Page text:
{Review} A Messy, Beautiful Life by Sara Jade Alan

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FicCentral received a free copy of this book from Entangled Publishing (via NetGalley).
{Review} A Messy, Beautiful Life by Sara Jade AlanA Messy, Beautiful Life by Sara Jade Alan
Publisher: Entangled Teen on October 2, 2017
Genre(s): Contemporary Fiction (YA)
Pages: 220

Our Rating

5 Stars

Life is funny sometimes.

And not always the ha, ha kind. Like that one time where a hot guy tried to kiss me and I fell. Down. Hard. And then found out I had cancer.

I’m trying to be strong for my friends and my mom.

And I’m trying so hard to be “just friends” with that hot guy, even though he seems to want so much more. But I won’t do that to him. He’s been through this before with his family, and I’m not going to let him watch me die.

So, I tell myself: Smile Ellie. Be funny Ellie. Don’t cry Ellie, because once I start, I might not stop.



A Messy, Beautiful Life by Sara Jade Alan

The Verdict: Ellie’s just your typical high schooler. She’s involved in improv, crushing on a guy, planning for college, and at odds with her dad. Just your normal girl, right? But just as everything is going her way, she finds out she has cancer…and absolutely everything changes.

A Messy Beautiful Life is in some ways just another YA romance, but it’s that added bit of harsh reality and teenage wonder that makes it amazing. Ellie’s entire life is turned upside down, her relationships within her family change and grow, and she doesn’t want to drag Jason (the crush who likes her back) down into her drama. There’s no time that cancer is a good thing, but when it hits in those years that you’re supposed to be looking toward the future, not just fighting to have one at all, it’s an especially unjust burden. But for all it’s heaviness, the book isn’t all darkness and angst. It’s about friends who won’t let her forget how to laugh, a boy who brings that magic of young love even in the worst of times, and a girl who views her place in the world with all the fear and hope and wonder that so many teens feel but spend too much time ignoring.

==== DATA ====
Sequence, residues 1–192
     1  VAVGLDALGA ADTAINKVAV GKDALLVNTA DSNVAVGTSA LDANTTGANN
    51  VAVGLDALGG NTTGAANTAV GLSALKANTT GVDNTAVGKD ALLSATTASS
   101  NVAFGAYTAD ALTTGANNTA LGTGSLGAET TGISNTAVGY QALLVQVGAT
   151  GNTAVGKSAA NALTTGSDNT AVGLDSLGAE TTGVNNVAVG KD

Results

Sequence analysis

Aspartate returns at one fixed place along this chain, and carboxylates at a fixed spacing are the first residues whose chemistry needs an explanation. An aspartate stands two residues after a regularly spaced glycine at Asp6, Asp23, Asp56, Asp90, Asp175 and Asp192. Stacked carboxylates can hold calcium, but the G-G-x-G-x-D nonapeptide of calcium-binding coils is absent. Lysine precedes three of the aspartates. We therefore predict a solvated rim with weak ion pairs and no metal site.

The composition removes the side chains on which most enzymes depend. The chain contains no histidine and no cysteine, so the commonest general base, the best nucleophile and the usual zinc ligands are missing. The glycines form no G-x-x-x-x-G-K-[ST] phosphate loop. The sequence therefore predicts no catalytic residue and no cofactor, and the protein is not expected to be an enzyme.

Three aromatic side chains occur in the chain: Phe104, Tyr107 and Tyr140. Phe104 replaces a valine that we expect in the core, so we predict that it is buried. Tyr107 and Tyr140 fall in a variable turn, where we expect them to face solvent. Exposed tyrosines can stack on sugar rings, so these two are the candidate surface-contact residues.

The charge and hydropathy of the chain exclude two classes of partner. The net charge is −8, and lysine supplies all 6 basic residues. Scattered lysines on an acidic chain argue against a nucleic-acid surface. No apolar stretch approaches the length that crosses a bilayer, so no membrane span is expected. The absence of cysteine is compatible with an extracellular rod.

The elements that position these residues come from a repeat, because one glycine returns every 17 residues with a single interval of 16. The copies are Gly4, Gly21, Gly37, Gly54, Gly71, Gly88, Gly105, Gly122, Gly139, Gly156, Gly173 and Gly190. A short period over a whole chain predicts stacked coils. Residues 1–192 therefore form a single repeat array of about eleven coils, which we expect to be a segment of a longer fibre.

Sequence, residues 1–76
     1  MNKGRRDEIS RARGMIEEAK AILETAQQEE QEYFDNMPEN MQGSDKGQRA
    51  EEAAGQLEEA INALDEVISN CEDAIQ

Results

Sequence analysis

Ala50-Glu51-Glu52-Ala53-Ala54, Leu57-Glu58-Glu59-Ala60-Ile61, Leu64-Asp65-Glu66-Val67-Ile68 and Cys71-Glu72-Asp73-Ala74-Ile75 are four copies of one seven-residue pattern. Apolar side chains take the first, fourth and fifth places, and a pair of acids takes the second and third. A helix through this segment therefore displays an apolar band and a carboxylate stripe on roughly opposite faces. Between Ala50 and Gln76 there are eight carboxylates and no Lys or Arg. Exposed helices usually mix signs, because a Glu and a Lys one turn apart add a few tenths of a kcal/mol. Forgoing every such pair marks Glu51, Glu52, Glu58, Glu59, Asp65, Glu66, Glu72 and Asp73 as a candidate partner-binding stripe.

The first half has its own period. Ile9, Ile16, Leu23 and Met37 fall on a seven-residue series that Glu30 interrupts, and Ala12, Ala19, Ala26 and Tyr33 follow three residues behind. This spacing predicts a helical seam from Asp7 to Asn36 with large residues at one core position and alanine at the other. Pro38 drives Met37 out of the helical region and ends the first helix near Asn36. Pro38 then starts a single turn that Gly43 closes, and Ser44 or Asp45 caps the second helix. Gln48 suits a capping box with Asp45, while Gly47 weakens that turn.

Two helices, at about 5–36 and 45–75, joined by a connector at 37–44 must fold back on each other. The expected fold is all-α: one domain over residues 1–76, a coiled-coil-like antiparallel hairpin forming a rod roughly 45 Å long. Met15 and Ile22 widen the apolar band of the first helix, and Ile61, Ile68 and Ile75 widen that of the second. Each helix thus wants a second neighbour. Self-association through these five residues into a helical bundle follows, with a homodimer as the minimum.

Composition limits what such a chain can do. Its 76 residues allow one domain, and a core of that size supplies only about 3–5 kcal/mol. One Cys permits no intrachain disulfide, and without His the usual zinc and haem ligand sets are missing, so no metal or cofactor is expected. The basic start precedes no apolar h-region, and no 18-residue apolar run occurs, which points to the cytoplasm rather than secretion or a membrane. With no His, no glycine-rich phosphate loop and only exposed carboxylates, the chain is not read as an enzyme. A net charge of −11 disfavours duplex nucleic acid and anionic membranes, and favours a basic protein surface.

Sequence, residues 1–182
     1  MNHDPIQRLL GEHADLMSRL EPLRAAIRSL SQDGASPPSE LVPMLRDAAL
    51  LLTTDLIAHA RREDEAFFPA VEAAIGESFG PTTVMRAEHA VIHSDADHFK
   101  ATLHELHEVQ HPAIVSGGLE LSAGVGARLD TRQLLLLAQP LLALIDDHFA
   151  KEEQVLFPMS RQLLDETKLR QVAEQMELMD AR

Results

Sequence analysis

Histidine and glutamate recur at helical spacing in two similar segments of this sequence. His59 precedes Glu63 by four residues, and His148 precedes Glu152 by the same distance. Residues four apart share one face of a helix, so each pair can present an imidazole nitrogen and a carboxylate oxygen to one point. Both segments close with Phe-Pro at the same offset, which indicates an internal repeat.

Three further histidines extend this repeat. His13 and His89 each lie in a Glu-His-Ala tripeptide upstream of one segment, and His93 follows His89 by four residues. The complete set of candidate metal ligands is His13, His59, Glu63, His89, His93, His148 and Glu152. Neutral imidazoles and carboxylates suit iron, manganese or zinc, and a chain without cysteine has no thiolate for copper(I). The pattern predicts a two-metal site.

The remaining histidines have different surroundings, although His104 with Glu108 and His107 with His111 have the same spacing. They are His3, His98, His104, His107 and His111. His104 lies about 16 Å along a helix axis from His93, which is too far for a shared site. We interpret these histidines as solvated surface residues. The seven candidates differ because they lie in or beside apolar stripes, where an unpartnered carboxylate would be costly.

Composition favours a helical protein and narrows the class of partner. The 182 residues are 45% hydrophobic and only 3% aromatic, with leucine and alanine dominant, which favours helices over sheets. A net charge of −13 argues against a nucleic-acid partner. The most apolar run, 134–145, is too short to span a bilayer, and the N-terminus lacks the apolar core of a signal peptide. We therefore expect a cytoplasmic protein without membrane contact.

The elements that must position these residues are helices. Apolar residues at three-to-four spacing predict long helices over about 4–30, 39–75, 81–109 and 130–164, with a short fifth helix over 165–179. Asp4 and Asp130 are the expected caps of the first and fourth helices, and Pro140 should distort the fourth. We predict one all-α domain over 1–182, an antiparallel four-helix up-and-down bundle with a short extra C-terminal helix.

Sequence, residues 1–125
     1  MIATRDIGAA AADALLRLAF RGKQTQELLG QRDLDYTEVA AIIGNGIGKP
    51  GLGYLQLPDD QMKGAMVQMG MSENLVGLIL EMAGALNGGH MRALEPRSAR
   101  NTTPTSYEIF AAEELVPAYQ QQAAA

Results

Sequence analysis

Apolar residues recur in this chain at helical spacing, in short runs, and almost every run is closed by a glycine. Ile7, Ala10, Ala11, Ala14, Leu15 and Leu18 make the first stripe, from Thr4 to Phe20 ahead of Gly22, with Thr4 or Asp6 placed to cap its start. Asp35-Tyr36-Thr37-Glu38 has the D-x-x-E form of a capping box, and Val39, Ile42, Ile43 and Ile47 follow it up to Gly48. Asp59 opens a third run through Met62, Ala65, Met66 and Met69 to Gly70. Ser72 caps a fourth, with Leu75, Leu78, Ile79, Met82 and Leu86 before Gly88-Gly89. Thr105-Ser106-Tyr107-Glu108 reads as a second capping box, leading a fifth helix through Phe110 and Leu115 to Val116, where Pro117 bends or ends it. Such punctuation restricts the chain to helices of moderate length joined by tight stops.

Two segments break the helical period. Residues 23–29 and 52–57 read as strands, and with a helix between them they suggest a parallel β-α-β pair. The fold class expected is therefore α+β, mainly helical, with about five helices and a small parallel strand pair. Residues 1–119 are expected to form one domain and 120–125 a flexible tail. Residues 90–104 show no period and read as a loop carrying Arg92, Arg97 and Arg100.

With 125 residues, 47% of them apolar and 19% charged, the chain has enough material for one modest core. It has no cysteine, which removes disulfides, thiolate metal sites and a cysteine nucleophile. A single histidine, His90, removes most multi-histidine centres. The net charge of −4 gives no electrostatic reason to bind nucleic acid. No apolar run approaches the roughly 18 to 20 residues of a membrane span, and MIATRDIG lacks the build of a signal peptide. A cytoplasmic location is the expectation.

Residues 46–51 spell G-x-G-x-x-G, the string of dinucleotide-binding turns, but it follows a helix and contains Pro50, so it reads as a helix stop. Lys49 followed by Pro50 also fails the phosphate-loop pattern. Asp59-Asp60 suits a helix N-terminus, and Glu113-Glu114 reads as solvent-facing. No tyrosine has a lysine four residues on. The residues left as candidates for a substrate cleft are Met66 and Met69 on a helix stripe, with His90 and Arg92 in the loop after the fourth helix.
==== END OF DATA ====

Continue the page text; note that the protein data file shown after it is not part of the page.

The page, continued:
I half expected A Messy Beautiful Life to be a huge downer, something I might have to push myself to finish reading. The whole cancer bit can really throw a story off (I suppose much like it does in life, right?). But Ellie was actually a fun character, despite the awful hand she was dealt. Her relationships with the different members of her family were realistic, and the way they changed when cancer struck added more depth to Ellie and all the characters around her — something that’s often missing in stories about girls her age.

Overall, A Messy Beautiful Life was a surprisingly realistic but hopeful read, outlining both the importance of will and the support of friends when facing life’s most terrible obstacles — and emphasizing that you don’t have to lose who you are when you’re dealing with the worst. I hesitate to call it a fluffy, feel-good read, given the subject matter, but that’s the feeling I walked away with after reading the last page. If you love young adult novels but want something with substance, A Messy Beautiful Life is the way to go.

  
The Breakdown
Cover Design
5 star rating
Plot & Pace
5 star rating
Characters
5 star rating
Style & Editing
5 star rating
Story Conclusion
5 star rating
Overall Rating 5 star rating
  


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